Volume 95, Issue 61

Tuesday, January 22, 2002
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UWO washrooms used for sex romps

Homeless vs. cops in rumble

Chapters: hates Hitler and campus bookstores

Protesting on the weekend is so not cool

Senate says no to Day of Action

Date rape drug sends woman to hospital

News Briefs

Ivey lecturer says "I told you so"

Homeless vs. cops in rumble

By Erin Conway-Smith
Gazette Staff

Police and homelessness advocates were involved in a skirmish Saturday morning at the Unity Project, a renovated storage area that has been turned into a temporary home for residents of last summer's Tent City.

Criminal investigators with the London Police Department arrested a 17-year-old male for break and entry on Saturday morning, said LPD Const. Ryan Holland.

Holland said Unity Project staff provided police entry into the building and brought the 17-year-old down to officers. During the arrest, a struggle ensued between police and the suspect.

"Other guests at the Unity Project began to come and watch," Holland said. Residents called out and shouted encouragement to the person in custody, he said.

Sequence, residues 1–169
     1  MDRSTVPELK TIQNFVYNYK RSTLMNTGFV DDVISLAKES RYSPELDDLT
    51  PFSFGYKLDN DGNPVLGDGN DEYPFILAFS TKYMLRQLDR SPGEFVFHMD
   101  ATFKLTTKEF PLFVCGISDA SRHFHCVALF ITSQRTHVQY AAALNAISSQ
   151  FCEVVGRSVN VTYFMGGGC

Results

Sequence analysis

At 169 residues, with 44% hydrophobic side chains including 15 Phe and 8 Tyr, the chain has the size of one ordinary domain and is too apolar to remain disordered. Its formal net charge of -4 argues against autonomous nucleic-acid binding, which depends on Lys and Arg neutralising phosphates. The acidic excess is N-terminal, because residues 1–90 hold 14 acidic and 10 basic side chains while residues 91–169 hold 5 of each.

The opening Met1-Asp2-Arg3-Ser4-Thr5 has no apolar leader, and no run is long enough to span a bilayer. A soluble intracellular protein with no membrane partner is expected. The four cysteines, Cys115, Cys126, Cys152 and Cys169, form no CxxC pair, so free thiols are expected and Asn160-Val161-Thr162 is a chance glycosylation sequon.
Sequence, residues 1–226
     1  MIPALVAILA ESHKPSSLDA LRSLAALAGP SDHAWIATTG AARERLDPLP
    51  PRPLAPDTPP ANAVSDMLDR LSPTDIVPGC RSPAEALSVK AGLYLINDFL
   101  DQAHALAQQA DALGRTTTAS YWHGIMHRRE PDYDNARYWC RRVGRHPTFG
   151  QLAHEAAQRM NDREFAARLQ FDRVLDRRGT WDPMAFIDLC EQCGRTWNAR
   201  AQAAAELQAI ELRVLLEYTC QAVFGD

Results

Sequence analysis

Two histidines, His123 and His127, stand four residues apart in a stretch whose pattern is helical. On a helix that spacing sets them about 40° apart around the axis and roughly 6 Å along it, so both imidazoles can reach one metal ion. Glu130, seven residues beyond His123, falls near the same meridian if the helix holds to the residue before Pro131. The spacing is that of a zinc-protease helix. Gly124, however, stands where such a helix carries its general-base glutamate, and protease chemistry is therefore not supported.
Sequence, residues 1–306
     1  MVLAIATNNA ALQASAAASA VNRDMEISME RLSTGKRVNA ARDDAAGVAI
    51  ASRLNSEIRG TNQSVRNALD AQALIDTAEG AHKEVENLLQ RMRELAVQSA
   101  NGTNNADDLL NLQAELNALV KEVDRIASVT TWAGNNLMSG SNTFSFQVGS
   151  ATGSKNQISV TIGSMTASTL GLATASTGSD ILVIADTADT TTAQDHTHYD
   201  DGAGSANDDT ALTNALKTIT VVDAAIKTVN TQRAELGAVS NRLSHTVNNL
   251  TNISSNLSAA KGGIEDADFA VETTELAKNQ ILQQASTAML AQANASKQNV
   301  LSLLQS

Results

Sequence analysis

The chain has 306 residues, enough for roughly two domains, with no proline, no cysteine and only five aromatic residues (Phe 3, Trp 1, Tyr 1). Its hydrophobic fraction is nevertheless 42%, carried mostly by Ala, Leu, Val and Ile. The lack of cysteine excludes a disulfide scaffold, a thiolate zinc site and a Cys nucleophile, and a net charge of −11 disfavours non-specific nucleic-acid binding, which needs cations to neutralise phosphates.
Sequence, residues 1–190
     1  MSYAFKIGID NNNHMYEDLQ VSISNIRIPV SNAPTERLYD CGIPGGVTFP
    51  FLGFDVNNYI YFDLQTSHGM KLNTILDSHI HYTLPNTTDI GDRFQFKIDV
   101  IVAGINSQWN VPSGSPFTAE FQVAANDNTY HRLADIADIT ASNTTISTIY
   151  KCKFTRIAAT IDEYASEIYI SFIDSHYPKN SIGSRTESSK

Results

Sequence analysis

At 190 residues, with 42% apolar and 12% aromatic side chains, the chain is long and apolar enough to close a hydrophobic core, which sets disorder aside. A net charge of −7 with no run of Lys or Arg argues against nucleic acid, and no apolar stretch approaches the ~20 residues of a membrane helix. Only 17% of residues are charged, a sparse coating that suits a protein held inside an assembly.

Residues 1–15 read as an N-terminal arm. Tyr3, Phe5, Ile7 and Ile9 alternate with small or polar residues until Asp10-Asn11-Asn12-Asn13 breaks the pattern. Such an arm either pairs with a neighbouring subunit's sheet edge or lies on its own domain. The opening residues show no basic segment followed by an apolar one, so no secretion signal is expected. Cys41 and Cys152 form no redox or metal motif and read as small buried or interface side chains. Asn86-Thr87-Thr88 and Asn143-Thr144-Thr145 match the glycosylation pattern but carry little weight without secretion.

Officers called for back-up assistance, however, the entry of additional police was prevented by a locked door to the building. Holland said police asked a Unity Project volunteer for help, but she would not open the door.

Police inside the building were able to gain control of the 17-year-old male and open the door to allow entry to the officers.

A female staff member, Charlene Lazenby, 21, was arrested on charges of obstruction of police.

Jean Morin Tremblay, 19, was arrested on charges of obstruction and assault of a police officer.

"Due process is our concern," said Matti Paquiz, 28, a Unity Project co-ordinator, who questioned the civil liberties of the suspect and legalities of the arrest.

The Unity Project – a large, bi-level storage area – is located behind the Horton Street Salvation Army and was founded in September through the efforts of local homelessness coalitions, the Salvation Army and the City of London.

The centre is run by local grassroots activists as a temporary housing solution for thirty members of London's homeless community. It will continue to operate until more suitable accommodations can be found.

The arrests will not impact the City of London's involvement in providing shelter for Unity Project residents, said Susan Eagle, a Ward 7 city councillor.

The Unity Project serves a "vulnerable population," including a few individuals who may break the law in order to make ends meet, she said.

"[The arrests] are not surpising," Eagle said. "The law will need to deal with them."

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Copyright The Gazette 2001